Is it legal for a boss to ask you if you are pregnant?

Gina - posted on 08/19/2009 ( 21 moms have responded )

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I recently started a job, I have worked there for about a week. As soon as I went in to work today my boss asked me if I was pregnant. I am only 18 weeks, and really not showing. I have no idea why he asked me that. I asked him if he could legally ask me that and he said that on the application it said "are there medical conditions that they should be aware of." I told him being pregnant is not a medical condition, that would interfere with my job. I am a cashier.. Why would being pregnant interfere with my work! He told me he doesn't know if me working there is going to work out. He said he'll keep the help wanted sign in the window. I dont know what I should do.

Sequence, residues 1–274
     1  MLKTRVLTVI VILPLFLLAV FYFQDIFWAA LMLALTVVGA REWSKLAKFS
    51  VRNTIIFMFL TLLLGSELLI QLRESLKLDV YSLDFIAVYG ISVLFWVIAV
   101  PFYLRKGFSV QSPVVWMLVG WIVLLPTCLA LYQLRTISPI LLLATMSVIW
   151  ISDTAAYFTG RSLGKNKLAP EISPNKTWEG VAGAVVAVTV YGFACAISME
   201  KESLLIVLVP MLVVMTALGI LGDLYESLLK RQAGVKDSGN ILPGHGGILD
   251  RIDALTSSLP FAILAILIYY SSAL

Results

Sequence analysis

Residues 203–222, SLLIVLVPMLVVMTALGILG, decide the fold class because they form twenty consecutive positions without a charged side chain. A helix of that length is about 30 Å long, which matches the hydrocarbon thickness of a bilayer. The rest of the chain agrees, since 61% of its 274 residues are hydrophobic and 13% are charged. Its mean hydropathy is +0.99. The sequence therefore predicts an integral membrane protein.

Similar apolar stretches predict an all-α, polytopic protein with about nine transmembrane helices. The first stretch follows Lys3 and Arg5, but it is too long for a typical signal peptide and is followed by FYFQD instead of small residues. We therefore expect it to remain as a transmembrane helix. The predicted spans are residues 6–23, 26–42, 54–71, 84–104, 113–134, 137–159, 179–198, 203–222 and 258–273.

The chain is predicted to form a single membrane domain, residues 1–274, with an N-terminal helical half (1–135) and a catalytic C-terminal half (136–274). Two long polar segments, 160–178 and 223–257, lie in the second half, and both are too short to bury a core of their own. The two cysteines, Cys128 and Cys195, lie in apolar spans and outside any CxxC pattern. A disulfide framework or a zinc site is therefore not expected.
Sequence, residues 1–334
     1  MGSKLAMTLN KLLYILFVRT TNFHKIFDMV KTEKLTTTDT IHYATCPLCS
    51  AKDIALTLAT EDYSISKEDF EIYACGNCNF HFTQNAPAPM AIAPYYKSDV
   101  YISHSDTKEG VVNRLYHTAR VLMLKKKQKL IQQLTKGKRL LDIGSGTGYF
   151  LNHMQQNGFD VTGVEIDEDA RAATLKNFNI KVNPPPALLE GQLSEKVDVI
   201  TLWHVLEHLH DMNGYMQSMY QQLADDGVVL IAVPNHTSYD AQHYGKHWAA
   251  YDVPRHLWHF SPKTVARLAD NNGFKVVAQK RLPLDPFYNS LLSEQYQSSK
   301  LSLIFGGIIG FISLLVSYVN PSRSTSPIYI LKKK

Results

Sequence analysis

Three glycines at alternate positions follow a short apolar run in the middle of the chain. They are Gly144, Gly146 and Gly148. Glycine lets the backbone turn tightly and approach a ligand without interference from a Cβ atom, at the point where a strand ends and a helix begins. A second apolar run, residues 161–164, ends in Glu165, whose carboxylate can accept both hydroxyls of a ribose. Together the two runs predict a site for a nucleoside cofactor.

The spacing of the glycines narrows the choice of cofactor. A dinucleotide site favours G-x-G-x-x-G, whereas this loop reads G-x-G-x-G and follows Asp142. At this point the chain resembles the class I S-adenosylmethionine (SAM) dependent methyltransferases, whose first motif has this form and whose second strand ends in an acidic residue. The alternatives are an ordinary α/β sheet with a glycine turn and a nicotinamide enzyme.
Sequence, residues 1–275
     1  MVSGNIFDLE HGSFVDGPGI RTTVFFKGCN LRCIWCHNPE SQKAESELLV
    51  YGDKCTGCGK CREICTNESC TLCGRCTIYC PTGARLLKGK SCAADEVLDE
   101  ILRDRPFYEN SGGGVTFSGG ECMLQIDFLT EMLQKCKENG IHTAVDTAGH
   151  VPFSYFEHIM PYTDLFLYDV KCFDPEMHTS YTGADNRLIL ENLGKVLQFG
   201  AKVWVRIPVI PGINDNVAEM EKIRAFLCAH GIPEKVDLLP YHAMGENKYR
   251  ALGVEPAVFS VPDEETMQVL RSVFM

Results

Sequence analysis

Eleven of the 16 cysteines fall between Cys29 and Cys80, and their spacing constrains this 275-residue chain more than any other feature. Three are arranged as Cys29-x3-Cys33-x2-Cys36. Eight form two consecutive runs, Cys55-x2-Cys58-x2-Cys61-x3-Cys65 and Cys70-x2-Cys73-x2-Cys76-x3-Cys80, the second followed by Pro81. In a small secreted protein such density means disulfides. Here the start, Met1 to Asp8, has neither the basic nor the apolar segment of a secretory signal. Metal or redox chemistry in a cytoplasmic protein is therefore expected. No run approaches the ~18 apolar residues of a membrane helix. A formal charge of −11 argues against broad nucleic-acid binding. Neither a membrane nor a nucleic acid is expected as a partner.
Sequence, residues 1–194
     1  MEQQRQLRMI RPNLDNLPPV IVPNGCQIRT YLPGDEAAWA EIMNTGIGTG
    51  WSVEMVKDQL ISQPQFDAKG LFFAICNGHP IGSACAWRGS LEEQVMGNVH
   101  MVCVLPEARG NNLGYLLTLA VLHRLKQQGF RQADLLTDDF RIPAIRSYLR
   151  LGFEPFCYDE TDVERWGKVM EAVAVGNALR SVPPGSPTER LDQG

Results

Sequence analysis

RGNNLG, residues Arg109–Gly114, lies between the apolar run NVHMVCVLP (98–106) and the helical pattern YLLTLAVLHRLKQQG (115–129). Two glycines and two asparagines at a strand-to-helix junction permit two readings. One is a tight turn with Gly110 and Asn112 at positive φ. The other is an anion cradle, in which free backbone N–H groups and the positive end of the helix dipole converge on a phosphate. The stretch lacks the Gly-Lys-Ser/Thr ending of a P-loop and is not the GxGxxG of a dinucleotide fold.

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Cidalia - posted on 08/20/2009

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During an interview, it's illegal, and once you have the job, he cannot fire you for being pregnant...it falls under sexual discrimination. If I were you, I would make a formal report of some sort with the department of labor or a lawyer, so that in the event you lose your job, you have some sort of evidence.

[deleted account]

Quoting Esme:

Your boss , although not tactful , is legitimately concerned about when you go on maternity leave to have the baby. He will need to replace you, am I right?

So your boss is in boss mode ... how to save money , stay on budget ,etc. Being pregnant is a medical condition , there are restrictions on you while you are pregnant for the safety of the fetus, no strenous lifting, stop smoking, no alcohol , take your prenatal vitamins , don't fatigue yourself, etc etc